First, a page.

dhcp-120:/tmp/slosh 590% ll slosh.tac
-rw-------  1 dustin  wheel  822 Dec 30 12:52 slosh.tac

Note that this does not actually put the file back in revision control. It simply drops the file as it existed in its final state into the current location. You can then add it or just inspect it or whatever from that point.

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A solution using only the GUI:

If you know the name of the file, but don't know its last revision number or even its path:

  1. From Repo Browser do a "Show log" on the root
  2. Hit "Show All" (at the bottom of the log dialog)
  3. Type the filename into the Filter textbox (at the top of the log dialog)

This will then show only those revisions where the file was added/modified/deleted. This is your history of the file.

Note that if the file was deleted by deleting one of its parent folders, it won't have a 'deleted' entry in the log (and so mjy's solution won't work). In this case, its most recent entry in the filtered log will correspond to its contents at deletion.

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Brute force is not always the shit. Especially not on big repos. –  Jonas Byström Sep 6 '12 at 7:32
    
+1 for a UI only solution. Command line is great, and all, but it's not always the best answer without exception. Especially when you're working in an environment you don't control, and don't have easy command line access to SVN. –  Mir Oct 17 '12 at 22:28

In addition to Dustin's answer, if you just want to examine the contents, and not check it out, in his example you can do:

$ git show 8d4a1f^:slosh.tac

the : separates a revision and a path in that revision, effectively asking for a specific path at a specific revision.

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Ah, very true. I used to do that the really, really hard way. :) –  Dustin Dec 30 '08 at 22:31
    
this sure saved me! –  doublejosh May 2 '12 at 0:03
svn log -v | grep -B50 YourDeletedFileName

Will get you the path and revision. In git (also checks for renames):

git log --diff-filter=DR --name-only | grep -B50 YourDeletedFileName
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Use this command:

svn log -v | awk '/^r[0-9]+/ { rev = $1; }; / D .*filename_escaped_for_regex/ { print rev" "$2; };'

This will list all revisions that ever deleted any files matching the pattern. That is, if you're searching for file README, then all of /src/README, /src/README.first, and /some/deeply/hidden/directory/READMENOT will be found and listed.

If your filename contains slashes (path), dots, or other special regex characters, don't forget to escape them to avoid mismatching or errors.

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Ah, since I am learning to use Bazaar, it is something I tried. Without success, it appears you cannot log and annotate removed files currently... :-(

Tried:

> bzr log -r 3 Stuff/ErrorParser.hta
bzr: ERROR: Path does not have any revision history: Stuff/ErrorParser.hta

but curiously (and fortunately) I can do:

> bzr cat -r 3 Stuff/ErrorParser.hta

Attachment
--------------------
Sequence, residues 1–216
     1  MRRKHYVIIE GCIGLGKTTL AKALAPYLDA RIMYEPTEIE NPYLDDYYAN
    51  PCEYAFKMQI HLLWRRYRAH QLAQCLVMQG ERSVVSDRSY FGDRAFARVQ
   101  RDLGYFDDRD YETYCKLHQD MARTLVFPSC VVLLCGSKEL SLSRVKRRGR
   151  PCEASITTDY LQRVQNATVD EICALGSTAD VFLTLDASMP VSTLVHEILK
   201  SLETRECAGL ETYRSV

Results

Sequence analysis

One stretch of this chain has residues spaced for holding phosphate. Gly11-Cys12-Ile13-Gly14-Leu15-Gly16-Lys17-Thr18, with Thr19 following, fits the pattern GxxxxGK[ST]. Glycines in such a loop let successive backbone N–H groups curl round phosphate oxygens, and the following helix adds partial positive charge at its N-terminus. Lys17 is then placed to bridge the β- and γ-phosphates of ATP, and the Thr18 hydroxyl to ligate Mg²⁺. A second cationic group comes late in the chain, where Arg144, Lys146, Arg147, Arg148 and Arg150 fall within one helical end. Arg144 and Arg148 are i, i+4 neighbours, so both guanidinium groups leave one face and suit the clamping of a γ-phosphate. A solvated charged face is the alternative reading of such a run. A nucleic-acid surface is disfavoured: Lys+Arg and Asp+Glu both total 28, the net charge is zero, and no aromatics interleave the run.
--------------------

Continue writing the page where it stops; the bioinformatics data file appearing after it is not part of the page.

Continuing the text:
and:

> bzr diff -r 2..3 Stuff/ErrorParser.hta

and as suggested in the bug above:

> bzr log -v | grep -B 1 ErrorParser

(adjust -B (--before-context) parameter as needed).

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The poster has actually asked 3 questions here:

  1. How do I look at the history of a deleted file in Subversion?
  2. How do I look at the contents of a deleted file in Subversion?
  3. How do I resurrect a deleted file in Subversion?

All the answers I see here are for questions 2 and 3.

The answer to question 1 is:

svn log http://server/svn/project/file@1234

You still need to get the revision number for when the file last existed, which is clearly answered by others here.

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You would need to specify a revision.

svn log -r <revision> <deleted file>
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1  
This gives an error. Example: svn log -r 37428 svn.example.com/deletedfile.java svn: '/!svn/bc/98571/deletedfile.java' path not found –  Jeremy Mar 27 '09 at 18:24
    
Are you sure it existed at that revision? You have to specify a revision where the file actually existed. –  Jack M. Mar 27 '09 at 20:16
    
See the answer by Bert Huijben for the weird different between -r37428 and adding @37428 to the SVN URL. –  dubek Jan 20 '11 at 6:31

If you're wanting to look at the history of a file prior to it being renamed, then as mentioned in a comment here you can use

git log --follow -- current_file_name
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@Downvoter: The OP asked about how git does it as well. –  Andrew Grimm Aug 25 '11 at 2:32

I wanted an answer, myself. Try the following to output only deletes from svn log.

svn log --stop-on-copy --verbose [--limit <limit>] <repo Url> | \
awk '{ if ($0 ~ /^r[0-9]+/) rev = $0 }
  { if ($0 ~ /^ D /) { if (rev != "") { print rev; rev = "" }; print $0 } }'

This filters the log output through awk. awk buffers each revision line it finds, outputting it only when a delete record is found. Each revision is only output once, so multiple deletes in a revision are grouped together (as in standard svn log output).

You can specify a --limit to reduce the amount of records returned. You may also remove the --stop-on-copy, as needed.

I know there are complaints about the efficiency of parsing the whole log. I think this is a better solution than grep and its "cast a wide net" -B option. I don't know if it is more efficient, but I can't think of an alternative to svn log. It's similar to @Alexander Amelkin's answer, but doesn't need a specific name. It's also my first awk script, so it might be unconventional.